“But what I see is a strong Novak who knew how to manage the weather and find solutions in the toughest second round of the tournament, in my view. There were others, but Gaël, with his abilities and having just won Doha, it was a real test, and Novak passed it after starting poorly, very poorly, to be honest.”
It is hard to remember a shakier start for Djokovic, who double-faulted on the first two points and twice more in his second service game, spraying backhands and forehands into all the wrong places as he fell behind, 0-3.
“Nervous start,” said Djokovic, whose revamped serve is designed to protect his elbow. “I wasn’t really comfortable at the very beginning. I can’t blame conditions for my double faults. I mean, it’s still that motion I’m kind of getting used to. Being rusty at the beginning is something that you can also expect. I just have to accept it, embrace it.”
It was soon back to 3-3, however, and though Monfils, taking uncharacteristic risks to shorten the points and the suffering, managed to win the set, he was soon just trying to manage. He pleaded to have more than 25 seconds between points and poured water over his head without bothering to drink it.
At least there were no hallucinations of the sort the Canadian player Frank Dancevic experienced in the extreme heat waveat the 2014 Australian Open. He had visions of Snoopy shortly before fainting midmatch in the first round and then going on to defeat.
“Until somebody dies, they’re going to keep playing matches in this heat,” Dancevic said then.
The heat policy here was designed with considerable medical input, and as much as Melbourne Park felt like a Finnish sauna on Thursday, there were no retirements in any singles match.
It can certainly get hotter, and it may on Friday with temperatures forecast to rise above 40 degrees Celsius (104 Fahrenheit).
“Good luck for the guys,” Monfils said. “Honestly, good luck for the guys.”
The men have been talking about much more than the weather here this year. With his return to the circuit, Djokovic, the president of the ATP Player Council, has also been initiating discussions on prize money hikes and the merits of unionization.
Federer, a former president of the council, played a pivotal role in persuading the Grand Slam tournaments to raise prize money in the early 2010s. He was in attendance at the mandatory players meeting last Friday in Melbourne where Djokovic broached some of these topics.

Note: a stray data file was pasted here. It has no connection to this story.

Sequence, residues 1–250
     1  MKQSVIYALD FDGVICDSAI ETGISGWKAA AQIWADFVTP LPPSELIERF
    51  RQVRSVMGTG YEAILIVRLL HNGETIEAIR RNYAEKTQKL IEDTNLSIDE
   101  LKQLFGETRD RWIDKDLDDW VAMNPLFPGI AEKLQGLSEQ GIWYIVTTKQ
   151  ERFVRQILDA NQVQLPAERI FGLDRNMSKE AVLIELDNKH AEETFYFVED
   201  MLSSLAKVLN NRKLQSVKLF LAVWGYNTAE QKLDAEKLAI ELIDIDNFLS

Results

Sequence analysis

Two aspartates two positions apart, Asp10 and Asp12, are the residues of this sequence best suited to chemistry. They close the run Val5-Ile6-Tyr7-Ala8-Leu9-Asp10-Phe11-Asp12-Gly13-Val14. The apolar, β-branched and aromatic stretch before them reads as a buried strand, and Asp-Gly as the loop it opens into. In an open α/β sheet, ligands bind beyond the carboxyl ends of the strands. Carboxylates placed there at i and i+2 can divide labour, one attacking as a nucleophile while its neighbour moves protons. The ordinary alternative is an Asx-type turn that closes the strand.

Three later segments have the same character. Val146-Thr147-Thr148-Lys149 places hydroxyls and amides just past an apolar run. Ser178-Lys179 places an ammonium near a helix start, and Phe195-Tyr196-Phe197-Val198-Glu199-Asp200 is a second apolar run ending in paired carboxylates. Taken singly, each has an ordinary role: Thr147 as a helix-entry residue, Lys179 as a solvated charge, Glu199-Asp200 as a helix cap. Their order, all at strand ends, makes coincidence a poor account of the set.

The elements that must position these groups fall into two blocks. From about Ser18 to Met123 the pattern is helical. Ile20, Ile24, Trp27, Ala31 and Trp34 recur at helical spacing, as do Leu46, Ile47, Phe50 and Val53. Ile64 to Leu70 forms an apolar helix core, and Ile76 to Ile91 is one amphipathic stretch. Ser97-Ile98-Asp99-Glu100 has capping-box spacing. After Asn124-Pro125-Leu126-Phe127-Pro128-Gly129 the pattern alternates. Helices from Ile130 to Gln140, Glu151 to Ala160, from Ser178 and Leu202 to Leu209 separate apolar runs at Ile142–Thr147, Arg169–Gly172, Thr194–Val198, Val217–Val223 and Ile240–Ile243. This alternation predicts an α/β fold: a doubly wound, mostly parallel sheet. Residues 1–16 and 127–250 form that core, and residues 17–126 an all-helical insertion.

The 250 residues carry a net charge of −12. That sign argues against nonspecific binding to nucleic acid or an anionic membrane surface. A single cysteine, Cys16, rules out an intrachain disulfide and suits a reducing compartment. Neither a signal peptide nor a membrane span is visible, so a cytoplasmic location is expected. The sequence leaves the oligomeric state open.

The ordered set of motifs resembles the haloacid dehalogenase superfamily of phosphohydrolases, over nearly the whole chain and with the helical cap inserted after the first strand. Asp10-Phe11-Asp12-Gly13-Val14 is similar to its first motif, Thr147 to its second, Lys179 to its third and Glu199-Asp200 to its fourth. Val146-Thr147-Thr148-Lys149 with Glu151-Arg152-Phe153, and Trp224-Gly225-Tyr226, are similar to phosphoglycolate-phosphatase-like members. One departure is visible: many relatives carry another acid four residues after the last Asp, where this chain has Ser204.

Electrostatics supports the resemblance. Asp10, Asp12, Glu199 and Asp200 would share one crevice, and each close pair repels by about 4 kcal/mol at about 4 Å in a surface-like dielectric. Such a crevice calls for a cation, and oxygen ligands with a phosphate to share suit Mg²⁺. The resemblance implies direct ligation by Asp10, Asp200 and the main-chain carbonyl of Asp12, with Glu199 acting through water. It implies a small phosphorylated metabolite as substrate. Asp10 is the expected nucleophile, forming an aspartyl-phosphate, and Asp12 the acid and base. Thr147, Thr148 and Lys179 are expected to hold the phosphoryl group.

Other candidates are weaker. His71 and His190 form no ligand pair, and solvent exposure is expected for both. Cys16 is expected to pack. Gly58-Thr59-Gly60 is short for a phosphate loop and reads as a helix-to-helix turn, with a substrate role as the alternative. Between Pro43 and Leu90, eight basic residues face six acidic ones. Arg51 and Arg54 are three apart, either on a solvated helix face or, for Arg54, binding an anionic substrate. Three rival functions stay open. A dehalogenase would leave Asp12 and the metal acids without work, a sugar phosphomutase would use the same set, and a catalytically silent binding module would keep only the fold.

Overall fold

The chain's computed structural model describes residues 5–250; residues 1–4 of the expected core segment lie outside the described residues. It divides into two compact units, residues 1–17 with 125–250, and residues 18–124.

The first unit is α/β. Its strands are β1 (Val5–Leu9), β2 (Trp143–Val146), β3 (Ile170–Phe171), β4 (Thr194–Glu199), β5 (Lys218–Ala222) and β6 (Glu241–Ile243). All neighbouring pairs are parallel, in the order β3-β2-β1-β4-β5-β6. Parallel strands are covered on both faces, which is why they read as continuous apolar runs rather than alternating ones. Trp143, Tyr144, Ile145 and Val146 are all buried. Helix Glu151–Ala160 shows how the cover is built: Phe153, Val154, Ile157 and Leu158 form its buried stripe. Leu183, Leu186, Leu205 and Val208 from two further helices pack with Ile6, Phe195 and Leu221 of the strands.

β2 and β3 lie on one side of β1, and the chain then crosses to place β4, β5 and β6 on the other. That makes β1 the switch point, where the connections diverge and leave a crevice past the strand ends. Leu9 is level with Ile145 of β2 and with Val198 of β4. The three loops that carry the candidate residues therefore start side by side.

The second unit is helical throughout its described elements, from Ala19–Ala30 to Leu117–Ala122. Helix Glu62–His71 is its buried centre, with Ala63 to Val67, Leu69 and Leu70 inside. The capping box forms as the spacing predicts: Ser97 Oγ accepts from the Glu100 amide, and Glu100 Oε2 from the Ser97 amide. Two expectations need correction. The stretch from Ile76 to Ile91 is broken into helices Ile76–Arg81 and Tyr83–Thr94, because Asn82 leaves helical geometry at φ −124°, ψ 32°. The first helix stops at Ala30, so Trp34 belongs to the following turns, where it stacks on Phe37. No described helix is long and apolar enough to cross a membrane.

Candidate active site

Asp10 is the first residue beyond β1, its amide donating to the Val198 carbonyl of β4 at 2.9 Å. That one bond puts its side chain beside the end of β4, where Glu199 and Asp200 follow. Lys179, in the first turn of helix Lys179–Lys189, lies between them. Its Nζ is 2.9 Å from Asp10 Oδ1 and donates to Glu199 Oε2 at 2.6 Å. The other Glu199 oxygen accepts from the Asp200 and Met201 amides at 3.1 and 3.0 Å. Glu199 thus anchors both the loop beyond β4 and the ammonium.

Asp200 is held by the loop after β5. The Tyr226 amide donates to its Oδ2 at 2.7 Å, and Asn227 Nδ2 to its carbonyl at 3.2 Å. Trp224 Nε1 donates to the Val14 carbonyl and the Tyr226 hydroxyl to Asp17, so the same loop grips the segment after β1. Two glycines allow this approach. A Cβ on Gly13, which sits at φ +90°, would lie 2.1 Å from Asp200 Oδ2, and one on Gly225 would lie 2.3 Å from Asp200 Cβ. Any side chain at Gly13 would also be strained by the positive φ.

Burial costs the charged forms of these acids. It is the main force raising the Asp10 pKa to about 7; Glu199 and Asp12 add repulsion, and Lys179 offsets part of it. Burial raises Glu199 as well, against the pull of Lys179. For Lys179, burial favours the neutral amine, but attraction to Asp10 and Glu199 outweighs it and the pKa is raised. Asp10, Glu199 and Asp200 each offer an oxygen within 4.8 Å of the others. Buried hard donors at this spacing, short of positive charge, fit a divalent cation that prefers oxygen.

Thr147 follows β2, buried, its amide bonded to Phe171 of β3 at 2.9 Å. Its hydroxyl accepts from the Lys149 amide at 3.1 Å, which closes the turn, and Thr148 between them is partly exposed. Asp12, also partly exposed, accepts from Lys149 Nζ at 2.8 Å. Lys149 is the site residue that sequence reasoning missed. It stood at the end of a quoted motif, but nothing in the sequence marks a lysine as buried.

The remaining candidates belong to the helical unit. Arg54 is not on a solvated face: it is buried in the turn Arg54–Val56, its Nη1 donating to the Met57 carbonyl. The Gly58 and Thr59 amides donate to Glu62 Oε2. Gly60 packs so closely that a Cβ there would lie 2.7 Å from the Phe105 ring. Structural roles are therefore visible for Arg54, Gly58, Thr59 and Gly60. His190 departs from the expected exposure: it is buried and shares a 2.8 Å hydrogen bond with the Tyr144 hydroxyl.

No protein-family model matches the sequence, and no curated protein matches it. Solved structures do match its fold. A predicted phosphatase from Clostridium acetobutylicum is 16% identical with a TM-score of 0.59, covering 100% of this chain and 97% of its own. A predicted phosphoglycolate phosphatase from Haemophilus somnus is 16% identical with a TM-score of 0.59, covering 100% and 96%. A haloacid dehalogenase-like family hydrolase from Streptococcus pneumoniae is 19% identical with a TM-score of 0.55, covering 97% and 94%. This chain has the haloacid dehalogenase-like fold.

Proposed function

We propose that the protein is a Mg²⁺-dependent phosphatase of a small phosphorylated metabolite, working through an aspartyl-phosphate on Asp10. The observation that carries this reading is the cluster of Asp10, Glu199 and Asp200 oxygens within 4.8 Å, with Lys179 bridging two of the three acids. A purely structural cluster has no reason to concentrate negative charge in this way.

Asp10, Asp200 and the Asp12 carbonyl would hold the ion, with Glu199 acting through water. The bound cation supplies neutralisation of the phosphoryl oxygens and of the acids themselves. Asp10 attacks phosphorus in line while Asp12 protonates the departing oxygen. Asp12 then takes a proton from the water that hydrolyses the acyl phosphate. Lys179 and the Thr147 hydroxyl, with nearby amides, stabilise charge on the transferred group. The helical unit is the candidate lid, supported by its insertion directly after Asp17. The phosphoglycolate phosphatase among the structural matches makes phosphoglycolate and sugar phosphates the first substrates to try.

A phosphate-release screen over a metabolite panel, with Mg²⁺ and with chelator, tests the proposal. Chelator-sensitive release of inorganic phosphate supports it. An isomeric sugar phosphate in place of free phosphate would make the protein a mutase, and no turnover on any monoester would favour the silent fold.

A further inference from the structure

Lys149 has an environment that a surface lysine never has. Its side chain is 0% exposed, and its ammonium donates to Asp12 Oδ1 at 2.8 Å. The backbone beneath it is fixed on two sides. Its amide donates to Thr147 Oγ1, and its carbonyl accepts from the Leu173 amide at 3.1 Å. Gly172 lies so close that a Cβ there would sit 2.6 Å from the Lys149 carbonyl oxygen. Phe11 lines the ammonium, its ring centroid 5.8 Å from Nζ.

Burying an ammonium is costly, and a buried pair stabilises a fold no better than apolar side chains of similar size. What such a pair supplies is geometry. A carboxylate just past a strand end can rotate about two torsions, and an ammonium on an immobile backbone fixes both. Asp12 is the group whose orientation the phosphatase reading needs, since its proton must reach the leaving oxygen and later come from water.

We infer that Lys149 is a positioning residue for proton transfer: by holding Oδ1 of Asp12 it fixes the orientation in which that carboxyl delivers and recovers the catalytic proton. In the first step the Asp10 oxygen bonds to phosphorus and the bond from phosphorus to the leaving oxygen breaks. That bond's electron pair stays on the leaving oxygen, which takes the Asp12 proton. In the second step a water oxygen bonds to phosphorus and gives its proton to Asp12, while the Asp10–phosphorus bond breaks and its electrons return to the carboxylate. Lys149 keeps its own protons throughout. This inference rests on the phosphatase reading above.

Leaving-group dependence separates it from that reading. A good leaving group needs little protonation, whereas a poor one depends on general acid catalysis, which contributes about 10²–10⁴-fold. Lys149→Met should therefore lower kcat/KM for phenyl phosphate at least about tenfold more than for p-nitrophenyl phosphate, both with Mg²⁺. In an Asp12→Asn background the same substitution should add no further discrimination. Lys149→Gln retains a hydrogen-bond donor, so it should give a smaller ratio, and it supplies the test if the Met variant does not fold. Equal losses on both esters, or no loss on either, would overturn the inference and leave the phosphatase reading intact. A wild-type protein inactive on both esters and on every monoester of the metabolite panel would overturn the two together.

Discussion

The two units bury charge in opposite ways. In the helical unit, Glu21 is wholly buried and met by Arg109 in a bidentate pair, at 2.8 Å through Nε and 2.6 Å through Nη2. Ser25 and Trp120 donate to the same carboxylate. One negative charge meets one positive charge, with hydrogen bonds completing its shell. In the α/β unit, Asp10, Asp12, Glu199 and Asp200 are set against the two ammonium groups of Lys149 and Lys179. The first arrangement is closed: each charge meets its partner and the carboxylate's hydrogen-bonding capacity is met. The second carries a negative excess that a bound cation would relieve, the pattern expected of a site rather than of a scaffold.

Federer was asked very late on Thursday night whether he believed the Grand Slams were devoting a sufficient percentage of their revenue to prize money.
He looked a touch world-weary as he answered.
“They could definitely pay more, no doubt about it,” he said. “They know that. We’re not partners. We’re just players. It’s always hard to rally. We had a good agreement, in my opinion. That made the Grand Slams happy, the players pretty happy. Seems like that has run its course.”
He added: “The moment that happens, there’s not the same increases anymore, so players have to rally, get back together again, put in the effort. The Grand Slams know that. They will only react when we do so. We’re ready to do it. It’s going to be the same process over and over again. It’s a bit boring, to be honest, always having to ask for stuff. If you look at the revenue, the sharing process, it’s not quite where it’s supposed to be.”
He also said he was encouraged that the players were communicating with one another again. “When the players don’t talk, nothing gets done,” he said.
It was a day for cold water at Melbourne Park, but if ATP or Grand Slam officials had hoped that Federer, the elder statesman, would throw plenty of it on Djokovic’s activism, they were disappointed.
Boring does not quite seem the best word to describe the situation. Or this tournament.
Bring on the heat.